The adoption by donors of the recipient country’s system, rather than a parallel donor system, in implementing aid projects has been highly recommended within the aid community in recent years. However, the assumption behind this policy that using a country’s own system would enhance the recipient’s bureaucratic capability and result in improved public service delivery has yet to be verified. We show in this paper that this expectation does not necessarily fit with the reality, taking the Ugandan rural water supply sector as an example. When bureaucracy itself is in flux in the name of “decentralization,” the unconditional adoption of a country-system approach could underperform when compared to the conventional donor-project approach.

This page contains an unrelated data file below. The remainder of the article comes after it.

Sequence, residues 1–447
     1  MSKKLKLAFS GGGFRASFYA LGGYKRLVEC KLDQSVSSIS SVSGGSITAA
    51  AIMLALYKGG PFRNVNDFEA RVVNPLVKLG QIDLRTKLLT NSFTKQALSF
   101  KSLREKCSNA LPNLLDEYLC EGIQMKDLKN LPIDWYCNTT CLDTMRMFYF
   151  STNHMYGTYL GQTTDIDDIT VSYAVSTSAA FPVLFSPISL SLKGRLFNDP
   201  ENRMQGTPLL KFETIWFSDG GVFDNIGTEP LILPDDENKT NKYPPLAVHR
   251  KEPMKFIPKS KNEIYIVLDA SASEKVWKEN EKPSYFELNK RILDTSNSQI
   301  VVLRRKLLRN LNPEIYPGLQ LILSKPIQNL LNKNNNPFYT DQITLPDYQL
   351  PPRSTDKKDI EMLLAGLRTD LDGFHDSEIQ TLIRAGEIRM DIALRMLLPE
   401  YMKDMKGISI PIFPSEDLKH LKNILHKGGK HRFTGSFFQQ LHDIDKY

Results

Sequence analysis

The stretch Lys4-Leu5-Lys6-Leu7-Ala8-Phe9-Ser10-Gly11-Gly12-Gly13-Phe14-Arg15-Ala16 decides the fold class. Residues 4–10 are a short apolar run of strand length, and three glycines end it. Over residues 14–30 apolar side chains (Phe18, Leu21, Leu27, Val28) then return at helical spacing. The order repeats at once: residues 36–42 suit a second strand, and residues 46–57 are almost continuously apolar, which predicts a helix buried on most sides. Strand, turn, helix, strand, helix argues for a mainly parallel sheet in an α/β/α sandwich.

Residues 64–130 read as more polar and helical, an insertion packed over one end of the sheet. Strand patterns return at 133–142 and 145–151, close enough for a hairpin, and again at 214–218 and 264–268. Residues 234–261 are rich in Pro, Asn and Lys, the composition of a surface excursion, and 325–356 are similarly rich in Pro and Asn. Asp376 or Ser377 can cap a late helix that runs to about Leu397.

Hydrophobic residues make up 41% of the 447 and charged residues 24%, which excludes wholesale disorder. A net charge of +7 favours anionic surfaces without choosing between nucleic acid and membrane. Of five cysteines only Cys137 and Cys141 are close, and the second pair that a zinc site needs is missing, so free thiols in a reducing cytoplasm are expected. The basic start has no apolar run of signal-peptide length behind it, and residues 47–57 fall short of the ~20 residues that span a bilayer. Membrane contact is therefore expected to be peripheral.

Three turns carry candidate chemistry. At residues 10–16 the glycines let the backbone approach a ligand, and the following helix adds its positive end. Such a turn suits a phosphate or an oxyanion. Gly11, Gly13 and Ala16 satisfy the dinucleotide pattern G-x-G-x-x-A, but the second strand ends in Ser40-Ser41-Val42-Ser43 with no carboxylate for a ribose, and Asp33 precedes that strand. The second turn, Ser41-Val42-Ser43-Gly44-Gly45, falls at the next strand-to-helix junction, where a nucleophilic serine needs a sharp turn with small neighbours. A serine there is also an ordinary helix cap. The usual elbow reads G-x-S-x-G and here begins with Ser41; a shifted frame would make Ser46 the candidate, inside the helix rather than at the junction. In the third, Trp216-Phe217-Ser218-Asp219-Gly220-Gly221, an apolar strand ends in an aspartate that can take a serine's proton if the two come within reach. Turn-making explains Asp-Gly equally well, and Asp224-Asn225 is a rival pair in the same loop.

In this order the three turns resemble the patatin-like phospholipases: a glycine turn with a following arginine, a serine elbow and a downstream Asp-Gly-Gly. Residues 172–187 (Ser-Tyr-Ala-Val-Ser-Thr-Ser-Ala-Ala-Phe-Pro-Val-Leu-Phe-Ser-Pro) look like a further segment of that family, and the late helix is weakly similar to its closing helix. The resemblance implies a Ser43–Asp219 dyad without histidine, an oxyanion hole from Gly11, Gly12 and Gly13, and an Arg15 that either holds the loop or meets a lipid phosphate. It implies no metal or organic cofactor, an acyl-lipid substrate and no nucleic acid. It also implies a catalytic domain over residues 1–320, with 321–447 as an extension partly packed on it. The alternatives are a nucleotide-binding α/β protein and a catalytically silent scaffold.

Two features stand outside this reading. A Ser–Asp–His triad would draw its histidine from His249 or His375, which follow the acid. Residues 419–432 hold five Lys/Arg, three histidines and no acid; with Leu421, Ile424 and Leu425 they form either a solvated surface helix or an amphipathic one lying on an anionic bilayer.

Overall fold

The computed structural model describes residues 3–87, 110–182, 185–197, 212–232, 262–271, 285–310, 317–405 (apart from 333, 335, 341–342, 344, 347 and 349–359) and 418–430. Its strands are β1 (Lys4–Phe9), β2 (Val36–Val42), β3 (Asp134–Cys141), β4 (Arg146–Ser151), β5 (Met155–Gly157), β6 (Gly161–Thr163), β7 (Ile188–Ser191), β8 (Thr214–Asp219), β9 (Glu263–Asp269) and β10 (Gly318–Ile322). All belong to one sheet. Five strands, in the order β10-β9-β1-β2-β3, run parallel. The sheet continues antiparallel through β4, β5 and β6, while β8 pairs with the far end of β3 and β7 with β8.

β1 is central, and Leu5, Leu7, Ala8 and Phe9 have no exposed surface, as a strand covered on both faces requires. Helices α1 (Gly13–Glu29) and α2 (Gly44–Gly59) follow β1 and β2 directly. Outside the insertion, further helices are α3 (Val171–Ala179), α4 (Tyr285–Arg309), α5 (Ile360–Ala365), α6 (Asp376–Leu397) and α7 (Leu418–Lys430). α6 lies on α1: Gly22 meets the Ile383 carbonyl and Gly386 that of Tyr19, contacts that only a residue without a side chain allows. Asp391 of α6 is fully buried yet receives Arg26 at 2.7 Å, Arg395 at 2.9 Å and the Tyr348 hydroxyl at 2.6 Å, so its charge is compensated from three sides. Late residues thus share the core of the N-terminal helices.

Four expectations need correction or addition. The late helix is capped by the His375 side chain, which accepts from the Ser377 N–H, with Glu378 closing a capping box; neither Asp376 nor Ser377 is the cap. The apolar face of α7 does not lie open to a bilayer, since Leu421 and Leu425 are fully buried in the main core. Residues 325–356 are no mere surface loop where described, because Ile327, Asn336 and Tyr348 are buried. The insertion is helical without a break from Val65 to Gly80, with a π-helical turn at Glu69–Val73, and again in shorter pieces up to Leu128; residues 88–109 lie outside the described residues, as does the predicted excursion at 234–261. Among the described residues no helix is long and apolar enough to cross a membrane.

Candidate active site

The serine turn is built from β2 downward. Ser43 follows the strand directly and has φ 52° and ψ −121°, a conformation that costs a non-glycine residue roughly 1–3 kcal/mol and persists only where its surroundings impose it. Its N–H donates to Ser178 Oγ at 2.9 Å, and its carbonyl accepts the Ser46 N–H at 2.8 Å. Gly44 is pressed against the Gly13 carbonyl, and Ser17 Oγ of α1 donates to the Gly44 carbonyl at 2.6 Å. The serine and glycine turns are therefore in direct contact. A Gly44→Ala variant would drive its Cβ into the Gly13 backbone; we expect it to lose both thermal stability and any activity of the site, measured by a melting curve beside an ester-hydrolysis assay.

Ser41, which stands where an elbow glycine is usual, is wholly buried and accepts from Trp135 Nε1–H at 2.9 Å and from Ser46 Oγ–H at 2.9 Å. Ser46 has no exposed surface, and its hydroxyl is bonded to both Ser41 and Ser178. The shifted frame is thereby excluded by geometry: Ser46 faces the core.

Keywords: Uganda, rural water supply, country system